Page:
The letter by the Mission said: “The Ministry of Electronics and Information Technology and Ministry of Information and Broadcasting undertook broad consultations in 2018 with various stakeholders, including individuals, civil society, industry association and organizations and invited public comments to prepare the draft Rules.”
Thereafter an inter-ministerial meeting had discussed in detail the comments received and, accordingly, the rules were finalised.
It also told the UN arm: “India’s democratic credentials are well recognized”.
The right to freedom of speech and expression is guaranteed under the Indian Constitution, the Permanent Mission of India said in its letter, adding that the independent judiciary and a robust media are part of India’s democratic structure.
“The Permanent Mission of India requests that the enclosed information may be brought to the attention of the concerned Special Rapporteurs,” it said.
The Indian Government and the US-headquartered Twitter are in sort of a tussle over the new norms, wherein the Centre has said that the social media platform has failed to comply with the norms.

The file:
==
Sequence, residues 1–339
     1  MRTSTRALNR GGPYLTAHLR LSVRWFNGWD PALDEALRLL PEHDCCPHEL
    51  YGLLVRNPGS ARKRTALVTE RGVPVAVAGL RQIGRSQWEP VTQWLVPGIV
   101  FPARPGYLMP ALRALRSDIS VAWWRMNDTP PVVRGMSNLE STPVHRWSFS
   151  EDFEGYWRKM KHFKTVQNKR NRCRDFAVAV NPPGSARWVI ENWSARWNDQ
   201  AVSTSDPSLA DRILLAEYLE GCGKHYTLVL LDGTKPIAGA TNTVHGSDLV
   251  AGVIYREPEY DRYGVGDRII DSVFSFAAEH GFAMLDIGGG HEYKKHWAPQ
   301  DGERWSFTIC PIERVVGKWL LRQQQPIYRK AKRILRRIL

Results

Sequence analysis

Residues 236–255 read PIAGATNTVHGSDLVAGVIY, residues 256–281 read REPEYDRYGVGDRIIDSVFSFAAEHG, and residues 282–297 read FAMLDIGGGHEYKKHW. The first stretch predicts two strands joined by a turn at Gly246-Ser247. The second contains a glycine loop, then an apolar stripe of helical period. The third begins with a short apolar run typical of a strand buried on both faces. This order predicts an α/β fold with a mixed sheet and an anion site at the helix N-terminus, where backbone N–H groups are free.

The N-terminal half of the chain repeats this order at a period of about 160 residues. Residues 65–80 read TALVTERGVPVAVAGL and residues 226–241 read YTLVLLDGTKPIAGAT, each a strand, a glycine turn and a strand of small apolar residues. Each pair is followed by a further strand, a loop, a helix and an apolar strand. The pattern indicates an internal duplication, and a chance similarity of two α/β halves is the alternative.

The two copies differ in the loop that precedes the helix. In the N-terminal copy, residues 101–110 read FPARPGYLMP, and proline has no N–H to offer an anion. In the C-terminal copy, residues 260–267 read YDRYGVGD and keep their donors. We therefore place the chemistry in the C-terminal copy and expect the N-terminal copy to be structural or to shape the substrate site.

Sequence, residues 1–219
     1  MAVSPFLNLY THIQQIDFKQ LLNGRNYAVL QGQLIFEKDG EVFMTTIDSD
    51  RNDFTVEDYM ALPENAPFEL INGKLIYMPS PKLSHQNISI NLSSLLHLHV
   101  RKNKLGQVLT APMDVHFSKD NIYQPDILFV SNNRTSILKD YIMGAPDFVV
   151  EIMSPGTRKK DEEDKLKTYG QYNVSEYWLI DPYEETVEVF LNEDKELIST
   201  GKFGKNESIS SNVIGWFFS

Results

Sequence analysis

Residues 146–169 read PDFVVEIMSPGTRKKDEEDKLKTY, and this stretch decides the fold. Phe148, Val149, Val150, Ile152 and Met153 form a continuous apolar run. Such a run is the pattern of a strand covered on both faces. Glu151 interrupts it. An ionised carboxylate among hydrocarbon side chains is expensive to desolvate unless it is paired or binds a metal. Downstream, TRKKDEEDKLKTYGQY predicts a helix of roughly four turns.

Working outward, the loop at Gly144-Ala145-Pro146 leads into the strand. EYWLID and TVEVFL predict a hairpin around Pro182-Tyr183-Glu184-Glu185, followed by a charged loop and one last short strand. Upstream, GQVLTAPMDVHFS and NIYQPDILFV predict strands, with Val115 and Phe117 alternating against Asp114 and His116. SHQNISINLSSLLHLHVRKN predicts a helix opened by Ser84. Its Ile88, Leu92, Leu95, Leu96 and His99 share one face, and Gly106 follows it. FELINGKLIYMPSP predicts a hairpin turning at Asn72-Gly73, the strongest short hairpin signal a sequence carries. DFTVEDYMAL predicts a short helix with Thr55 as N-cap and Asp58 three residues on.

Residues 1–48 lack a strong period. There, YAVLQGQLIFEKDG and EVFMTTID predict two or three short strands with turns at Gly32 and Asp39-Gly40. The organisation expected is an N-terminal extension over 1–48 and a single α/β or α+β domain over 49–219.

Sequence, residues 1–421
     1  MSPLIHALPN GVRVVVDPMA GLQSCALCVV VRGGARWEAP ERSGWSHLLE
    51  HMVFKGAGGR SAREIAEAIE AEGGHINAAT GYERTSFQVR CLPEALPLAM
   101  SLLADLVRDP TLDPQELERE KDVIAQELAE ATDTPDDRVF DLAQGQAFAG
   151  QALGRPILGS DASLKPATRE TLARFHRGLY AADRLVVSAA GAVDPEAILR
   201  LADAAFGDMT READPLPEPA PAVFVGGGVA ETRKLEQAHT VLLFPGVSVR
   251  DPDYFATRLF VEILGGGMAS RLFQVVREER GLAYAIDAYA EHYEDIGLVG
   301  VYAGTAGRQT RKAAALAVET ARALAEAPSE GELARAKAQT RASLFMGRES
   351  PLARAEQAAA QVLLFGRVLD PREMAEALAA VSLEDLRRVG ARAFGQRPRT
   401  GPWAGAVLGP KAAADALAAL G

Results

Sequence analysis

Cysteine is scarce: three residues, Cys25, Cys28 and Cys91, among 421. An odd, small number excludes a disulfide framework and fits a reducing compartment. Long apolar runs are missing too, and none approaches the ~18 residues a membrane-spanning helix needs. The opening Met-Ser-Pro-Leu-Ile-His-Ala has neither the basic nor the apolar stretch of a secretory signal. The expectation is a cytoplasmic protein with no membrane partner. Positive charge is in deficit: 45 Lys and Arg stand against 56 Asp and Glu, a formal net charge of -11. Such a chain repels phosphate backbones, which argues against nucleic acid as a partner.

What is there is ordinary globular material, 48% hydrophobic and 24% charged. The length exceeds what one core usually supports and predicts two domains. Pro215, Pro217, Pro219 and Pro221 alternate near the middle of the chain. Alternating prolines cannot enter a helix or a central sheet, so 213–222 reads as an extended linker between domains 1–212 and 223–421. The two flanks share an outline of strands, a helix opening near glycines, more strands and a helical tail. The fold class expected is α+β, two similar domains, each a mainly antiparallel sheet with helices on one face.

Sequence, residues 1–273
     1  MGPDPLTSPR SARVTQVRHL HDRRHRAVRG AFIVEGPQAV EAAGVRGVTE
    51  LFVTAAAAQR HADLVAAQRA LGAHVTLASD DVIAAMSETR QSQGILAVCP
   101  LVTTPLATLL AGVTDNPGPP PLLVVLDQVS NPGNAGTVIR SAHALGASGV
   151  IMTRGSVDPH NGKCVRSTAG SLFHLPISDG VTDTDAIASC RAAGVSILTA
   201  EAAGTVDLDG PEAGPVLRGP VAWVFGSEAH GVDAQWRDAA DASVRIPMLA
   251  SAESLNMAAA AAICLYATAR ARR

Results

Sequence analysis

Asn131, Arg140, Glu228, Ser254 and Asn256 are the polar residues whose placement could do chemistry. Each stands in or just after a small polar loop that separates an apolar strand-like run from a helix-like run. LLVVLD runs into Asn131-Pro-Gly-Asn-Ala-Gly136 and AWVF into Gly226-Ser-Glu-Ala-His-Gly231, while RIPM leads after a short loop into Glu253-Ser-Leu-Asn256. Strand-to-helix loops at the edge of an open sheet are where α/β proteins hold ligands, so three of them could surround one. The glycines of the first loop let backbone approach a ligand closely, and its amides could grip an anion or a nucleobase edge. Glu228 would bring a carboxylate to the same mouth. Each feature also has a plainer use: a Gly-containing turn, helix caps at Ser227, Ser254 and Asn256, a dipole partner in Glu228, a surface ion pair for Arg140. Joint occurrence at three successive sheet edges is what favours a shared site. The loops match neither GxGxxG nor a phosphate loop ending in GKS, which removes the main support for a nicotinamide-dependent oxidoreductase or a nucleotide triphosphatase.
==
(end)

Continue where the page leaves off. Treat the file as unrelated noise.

The company, however, recently said that it has appointed an Interim Chief Compliance Officer as suggested under new intermediary guidelines.
The Government of India, in exercising its powers under section 87 (2) of the Information Technology Act, 2000, and in supersession of the earlier Information Technology (Intermediary Guidelines) Rules 2011, framed the Information Technology (Intermediary Guidelines and Digital Media Ethics Code) Rules, 2021 (‘new IT Rules’) and notified the same on 25 February, 2021.
For the significant intermediaries, the Rules have come into effect from May 26, 2021.
Although initially the significant intermediaries were largely reluctant to comply with the new norms, by and large all the players have complied by now, and Twitter has said that it will provide details of the interim Chief Compliance Officer to the government soon.
Twitter has also lost its status of intermediary platform in India over non-compliance to the new intermediary guidelines.
A day after Twitter said that it has appointed an Interim Chief Compliance Officer, Union Electronics and IT Minister Ravi Shankar Prasad last Wednesday said that the US-based company has failed to comply with the new intermediary guidelines.
In a series of tweets, the minister came down hard on the platform over its reluctance to comply with the new norms.
“There are numerous queries arising as to whether Twitter is entitled to safe harbour provision. However, the simple fact of the matter is that Twitter has failed to comply with the Intermediary Guidelines that came into effect from the 26th of May,” Prasad had said.